Internet use in Western Europe almost doubled last year, but the number of users buying online remains low.
Analyst IDC said that at the turn of the millennium there were some 81 million Western Europeans online (out of a total population of about 391 million) who spent a total of 10.3bn euros (£6.2bn) during 1999. At the end of 1998 there were 41 million online, spending only 2.7bn euros.
IDC predicts that the number of Western Europeans online will grow to 215 million by the end of 2003, representing more than 50 per cent of the population. Online spending will reach more than 125bn euros.
Stefan Elmer, research analyst for IDC's European internet and ecommerce strategies programme, said: "Although the number of internet users rocketed in 1999, the share of users that buy online is still relatively limited.
"Only 15 per cent of the users [about three per cent of the entire population] purchase products or services online every quarter, which probably reflects the lack of trust in the shops and online purchasing processes."
However, IDC predicts that 20 per cent of the total population will regularly shop online by the end of 2003.
Elmer attributes the rise to the increasing number of access devices, saying that they will triple from their current number of 45 million worldwide during the next four years.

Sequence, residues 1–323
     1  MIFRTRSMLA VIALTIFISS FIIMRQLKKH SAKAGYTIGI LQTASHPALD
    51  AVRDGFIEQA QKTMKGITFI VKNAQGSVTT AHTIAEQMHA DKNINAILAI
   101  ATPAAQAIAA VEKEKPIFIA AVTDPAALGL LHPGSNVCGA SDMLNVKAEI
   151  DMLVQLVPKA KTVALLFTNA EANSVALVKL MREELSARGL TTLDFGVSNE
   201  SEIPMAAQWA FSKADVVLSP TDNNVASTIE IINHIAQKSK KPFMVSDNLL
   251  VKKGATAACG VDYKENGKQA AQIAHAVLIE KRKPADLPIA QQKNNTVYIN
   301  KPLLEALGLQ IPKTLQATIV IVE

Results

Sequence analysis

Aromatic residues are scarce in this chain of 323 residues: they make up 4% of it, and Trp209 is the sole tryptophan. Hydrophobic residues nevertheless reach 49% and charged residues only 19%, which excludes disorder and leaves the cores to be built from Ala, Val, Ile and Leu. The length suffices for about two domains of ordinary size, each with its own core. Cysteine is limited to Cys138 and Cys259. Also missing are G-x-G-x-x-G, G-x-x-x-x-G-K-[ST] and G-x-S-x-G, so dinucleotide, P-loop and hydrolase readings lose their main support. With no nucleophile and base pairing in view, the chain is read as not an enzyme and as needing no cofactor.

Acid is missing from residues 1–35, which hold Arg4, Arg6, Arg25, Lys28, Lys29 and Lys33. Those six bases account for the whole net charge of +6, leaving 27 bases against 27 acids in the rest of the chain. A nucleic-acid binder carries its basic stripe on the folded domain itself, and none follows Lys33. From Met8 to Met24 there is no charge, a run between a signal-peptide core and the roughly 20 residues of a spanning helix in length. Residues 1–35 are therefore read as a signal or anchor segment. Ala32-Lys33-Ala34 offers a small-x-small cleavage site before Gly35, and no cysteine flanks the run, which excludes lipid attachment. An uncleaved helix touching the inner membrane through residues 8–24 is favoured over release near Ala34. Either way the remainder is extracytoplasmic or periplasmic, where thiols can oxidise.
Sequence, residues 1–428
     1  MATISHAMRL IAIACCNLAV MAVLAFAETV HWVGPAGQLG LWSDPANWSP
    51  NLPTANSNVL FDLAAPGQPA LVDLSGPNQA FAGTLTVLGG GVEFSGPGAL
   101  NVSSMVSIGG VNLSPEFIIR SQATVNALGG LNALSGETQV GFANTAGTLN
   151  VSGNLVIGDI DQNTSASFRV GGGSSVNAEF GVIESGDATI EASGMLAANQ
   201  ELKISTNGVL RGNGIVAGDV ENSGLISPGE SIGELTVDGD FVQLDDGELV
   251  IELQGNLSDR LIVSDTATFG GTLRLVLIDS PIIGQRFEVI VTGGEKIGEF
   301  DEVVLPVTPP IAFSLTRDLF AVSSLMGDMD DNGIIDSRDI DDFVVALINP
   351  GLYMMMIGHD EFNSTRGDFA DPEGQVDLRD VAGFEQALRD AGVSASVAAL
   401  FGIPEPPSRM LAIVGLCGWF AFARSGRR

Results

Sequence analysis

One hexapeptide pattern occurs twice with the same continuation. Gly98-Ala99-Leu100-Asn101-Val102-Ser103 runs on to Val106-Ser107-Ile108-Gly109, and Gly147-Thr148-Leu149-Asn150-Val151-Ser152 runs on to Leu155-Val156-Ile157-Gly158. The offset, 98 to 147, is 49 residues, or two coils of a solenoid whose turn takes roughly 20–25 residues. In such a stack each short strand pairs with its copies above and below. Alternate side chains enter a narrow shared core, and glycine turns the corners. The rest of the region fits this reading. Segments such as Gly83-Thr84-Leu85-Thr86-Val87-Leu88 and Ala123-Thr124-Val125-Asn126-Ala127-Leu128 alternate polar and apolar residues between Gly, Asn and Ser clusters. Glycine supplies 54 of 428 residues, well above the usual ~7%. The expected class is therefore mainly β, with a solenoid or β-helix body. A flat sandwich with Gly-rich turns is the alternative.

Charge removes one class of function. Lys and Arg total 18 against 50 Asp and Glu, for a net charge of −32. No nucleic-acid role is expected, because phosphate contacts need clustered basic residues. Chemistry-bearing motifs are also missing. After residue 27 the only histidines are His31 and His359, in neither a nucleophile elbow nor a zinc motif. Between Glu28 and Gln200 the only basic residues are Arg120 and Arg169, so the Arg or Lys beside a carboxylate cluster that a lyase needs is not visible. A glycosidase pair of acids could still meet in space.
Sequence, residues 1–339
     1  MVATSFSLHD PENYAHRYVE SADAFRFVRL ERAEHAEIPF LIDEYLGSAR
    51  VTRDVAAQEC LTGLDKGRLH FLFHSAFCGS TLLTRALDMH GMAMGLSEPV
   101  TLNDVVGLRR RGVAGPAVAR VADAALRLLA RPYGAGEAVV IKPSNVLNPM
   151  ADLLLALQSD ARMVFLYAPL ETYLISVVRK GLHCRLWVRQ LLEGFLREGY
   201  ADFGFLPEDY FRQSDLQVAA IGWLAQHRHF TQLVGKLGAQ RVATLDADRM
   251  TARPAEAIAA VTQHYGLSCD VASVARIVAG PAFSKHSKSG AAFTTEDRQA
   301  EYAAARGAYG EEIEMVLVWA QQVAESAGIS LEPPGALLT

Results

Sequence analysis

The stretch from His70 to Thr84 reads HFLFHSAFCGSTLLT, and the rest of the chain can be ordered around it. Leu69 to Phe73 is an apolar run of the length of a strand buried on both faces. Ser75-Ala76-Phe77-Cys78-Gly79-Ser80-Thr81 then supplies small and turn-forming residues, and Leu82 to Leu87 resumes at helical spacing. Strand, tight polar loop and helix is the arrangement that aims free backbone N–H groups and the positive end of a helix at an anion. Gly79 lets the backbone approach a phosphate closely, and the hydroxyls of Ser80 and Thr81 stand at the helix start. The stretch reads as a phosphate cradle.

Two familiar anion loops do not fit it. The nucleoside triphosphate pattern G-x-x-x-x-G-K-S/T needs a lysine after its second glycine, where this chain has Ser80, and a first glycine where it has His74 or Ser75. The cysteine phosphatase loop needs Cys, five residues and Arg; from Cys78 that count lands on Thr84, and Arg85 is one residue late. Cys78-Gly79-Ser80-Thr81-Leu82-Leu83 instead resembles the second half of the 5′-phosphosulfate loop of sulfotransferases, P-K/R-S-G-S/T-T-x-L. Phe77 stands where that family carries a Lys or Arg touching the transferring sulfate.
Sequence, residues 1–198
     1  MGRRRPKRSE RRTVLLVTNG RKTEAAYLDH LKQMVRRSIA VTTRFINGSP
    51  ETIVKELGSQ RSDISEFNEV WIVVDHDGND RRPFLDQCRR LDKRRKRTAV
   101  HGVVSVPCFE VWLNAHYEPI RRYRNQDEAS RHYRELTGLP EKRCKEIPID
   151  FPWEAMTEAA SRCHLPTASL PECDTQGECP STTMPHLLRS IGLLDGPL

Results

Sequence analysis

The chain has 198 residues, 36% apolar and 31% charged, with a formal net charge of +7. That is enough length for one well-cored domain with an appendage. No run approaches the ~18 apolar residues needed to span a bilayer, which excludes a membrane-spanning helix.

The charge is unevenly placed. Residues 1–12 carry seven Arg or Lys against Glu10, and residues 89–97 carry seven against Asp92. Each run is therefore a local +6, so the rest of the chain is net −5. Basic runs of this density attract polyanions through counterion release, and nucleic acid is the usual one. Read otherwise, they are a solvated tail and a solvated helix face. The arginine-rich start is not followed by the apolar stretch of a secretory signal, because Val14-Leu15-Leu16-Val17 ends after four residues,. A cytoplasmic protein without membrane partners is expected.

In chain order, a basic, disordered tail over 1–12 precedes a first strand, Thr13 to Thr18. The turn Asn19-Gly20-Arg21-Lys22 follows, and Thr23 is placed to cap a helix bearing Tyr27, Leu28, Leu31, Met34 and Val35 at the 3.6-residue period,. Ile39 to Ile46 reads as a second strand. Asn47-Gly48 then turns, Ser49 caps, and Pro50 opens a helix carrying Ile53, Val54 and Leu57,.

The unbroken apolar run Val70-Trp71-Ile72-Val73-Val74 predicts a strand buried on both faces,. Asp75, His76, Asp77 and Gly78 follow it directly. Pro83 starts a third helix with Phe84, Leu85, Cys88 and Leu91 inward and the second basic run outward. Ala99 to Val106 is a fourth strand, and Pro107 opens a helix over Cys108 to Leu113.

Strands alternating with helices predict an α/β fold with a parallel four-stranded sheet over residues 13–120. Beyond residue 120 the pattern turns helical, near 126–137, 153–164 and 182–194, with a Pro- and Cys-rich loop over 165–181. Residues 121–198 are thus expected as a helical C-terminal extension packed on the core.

"The PC is the main internet access device, but alternative access devices such as screenphones and set-top boxes will supplement the PC to an increasing extent over the coming years," he said.
A separate survey conducted independently by Pro Active backs up IDC's findings that Europeans are reluctant to shop online.
The survey, entitled 'Pan European Internet Monitor', surveyed 14,000 people and more than 150,000 internet users in 15 European countries. It found that less than eight per cent of Europeans have ever bought online, compared with 15 per cent in the US.
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